Dr. Goldratt and Dr. Deming teach us to look at an organization as a whole, if the goal of the organization is improving the bottom line results — then decisions across the entire organization need to holistically align to that goal. Continuing to march forward without looking at the data, without measuring how the current practices are serving the system leaves managers in their own bubble of local optima rules. The mentioned companies Netflix, Etsy, Amazon, have a lot of measures and collect data to help the organization choose better decisions and practices that actually improve the bottom line. So before we hire our first “DevOps Engineer,” or start a new “DevOps Team,” or go searching for the best “DevOps Tool,” like containerization, how about starting some measurements? Measure the value delivered to customers and provide clear visibility into these measurements to our managers and employees, this can have a tremendous effect.
Do we believe that quality has an effect on the bottom line? Let us then inspect our policy regarding quality. Do we have a good definition of how quality looks like? Is producing quality, measuring quality and improving quality at the top of our company priorities? Is quality built-in in software development, or is there a policy that tries to hammer quality into software changes after these were created? Does our organization require all our developers to write software unit tests? How about our front-end developers? Are these tests used to provide immediate feedback and increase the trust in our service reliability? Do we measure the effect of bad quality in our service or product has on our bottom line?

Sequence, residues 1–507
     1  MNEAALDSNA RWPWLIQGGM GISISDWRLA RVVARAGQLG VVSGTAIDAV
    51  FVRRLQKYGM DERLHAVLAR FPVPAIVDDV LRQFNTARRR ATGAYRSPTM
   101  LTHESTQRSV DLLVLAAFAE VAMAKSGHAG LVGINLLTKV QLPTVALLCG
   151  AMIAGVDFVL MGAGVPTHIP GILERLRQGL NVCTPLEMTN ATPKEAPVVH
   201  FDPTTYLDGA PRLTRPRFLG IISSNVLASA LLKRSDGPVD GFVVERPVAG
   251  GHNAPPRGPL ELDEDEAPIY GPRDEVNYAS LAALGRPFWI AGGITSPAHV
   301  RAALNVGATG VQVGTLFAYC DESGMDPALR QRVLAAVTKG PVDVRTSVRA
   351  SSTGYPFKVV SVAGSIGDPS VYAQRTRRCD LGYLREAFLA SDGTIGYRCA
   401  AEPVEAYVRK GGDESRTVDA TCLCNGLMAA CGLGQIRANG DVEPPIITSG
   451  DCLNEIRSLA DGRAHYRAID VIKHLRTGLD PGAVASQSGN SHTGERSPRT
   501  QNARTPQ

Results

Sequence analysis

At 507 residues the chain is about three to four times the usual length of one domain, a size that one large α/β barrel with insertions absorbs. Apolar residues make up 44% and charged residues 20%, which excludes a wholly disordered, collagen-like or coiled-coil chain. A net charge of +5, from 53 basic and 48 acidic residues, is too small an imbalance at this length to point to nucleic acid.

The new rules and policies cannot be cookie-cut fit all, we must do some soul searching and find the relevant standards for our organization. Yes, this is hard work, it requires to invest some thinking time instead of spending time in putting out fires. It mandates to learn and to read ideas from incredible men like Dr. Goldratt and Dr. Deming, and try to apply their ideas in our vicinity. Dr. Goldratt, for example, has a big chunk of knowledge on how to handle putting out fires, part of this Engines of Disharmony discussion. There is just so much more in the magnificent books written by Dr. Goldratt, his followers, and his teachers.
I will not write all the new regulations and policies that a company must adopt. This will be left for you, the reader. I do invite you to start a discussion on what these new policies might be. There is a lot of lists and ideas about these around the internet, but none are without drawbacks, and none fit every organization like a glove, context is quite important, and experimenting is part of the fun!
Taking powerful ideas and methods from Giants who form the base of the DevOps movement, can teach us a lot of new interesting ways to think and approach management and engineering.
In this post, I wrote the four questions that evaluate technology in the eye of Dr. Goldratt and tried to put my own interpretation on these to apply to DevOps. Even though I started writing this blog with a different tool from Goldratt which I wanted to discuss, that will have to wait for next time.
Books mentioned in this article:
- The Phoenix Project by Gene Kim and Kevin Behr
- The Goal by Dr. Eliyahu M. Goldratt and Jeff Cox
- Beyond the Phoenix Project at DOES16 by Gene Kim and John Willis
- Necessary but not Sufficient by Dr. Eliyahu M. Goldratt and Eli Schragenheim
- Beyond the Goal by Dr. Eliyahu M. Goldratt
- Thinking for a Change by Lisa J. Scheinkopf
- Interview with Eli Schragenheim discussing N&S
- Design for Continuous Experimentation by Dan McKinley from Etsy
Published at DZone with permission of Evgeny Zislis . See the original article here.